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Thread: The pain is all in your mind

  1. #1 The pain is all in your mind 
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    Suppose you herniated a disk in your back which permenently presses onto your spinal cord/sciati nerve. You go to your doctor the umpteenth time for a script refill but this time he says "Hmmm. I think the pain is all in your mind so therefore I don't be refill your prescription for pain medication ever agai. Besides, you're going to get addicted if you stay on them." You go home and spend the next five years crawling around the floor to go to the kitchen to eat, the bathroom, the TV room etc. because the pain is so horrifically terrible that you can't even stand up. The pain is so great it messes deeply with your mind and your emotions to the point that you can no longer think sraight and all you want to do is die.

    What do you think you'd need to do to be able to convince your doctor that he should put you back on the pain meds which in all your experience keeps the pain mind at worst?

    What on God's green Earth could it even mean for the pain to be "all in your mind"? Who cares about geography in such matters? I.e. who really cares about the geometric location of the "pain" in/on your body when its a demonstrated fact that the pain meds makes living quite intollerable regardless of its geographical location?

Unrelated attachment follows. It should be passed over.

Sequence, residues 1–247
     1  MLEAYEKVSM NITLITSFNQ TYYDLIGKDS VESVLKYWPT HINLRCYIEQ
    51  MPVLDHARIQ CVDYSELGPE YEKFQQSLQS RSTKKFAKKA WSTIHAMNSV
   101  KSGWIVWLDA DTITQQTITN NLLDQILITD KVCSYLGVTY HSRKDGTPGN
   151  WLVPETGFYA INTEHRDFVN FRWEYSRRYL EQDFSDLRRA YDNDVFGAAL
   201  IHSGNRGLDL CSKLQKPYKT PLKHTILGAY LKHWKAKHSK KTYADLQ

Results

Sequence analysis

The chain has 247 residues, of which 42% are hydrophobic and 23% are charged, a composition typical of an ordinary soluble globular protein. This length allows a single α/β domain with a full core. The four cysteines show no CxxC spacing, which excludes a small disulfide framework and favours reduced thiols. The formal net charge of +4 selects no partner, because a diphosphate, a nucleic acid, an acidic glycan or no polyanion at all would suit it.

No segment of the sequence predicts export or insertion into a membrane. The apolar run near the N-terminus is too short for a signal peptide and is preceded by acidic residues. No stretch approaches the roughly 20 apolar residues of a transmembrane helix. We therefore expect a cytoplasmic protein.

Thanks. And yes. This actually is what my doctor claims, i.e. the pain is "all in my mind." Th is is not a joke or something I made up. He's just that ignorant.

    Next question: who would care they were addicted to pain killers or not so long as you used them correctly?


    Last edited by pmb; December 22nd, 2012 at 04:56 AM.
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    A herniated disk is no laughing matter.

    So, why would a doctor ever say such a thing? Well, he may have a reason:
    Chronic pain may be all in your head - Health Report - ABC Radio National (Australian Broadcasting Corporation)
    In article form:
    Why chronic pain is all in your head: Early brain changes predict which patients develop chronic pain

    The frustration for the patient is that they are in pain and they just want it alleviated.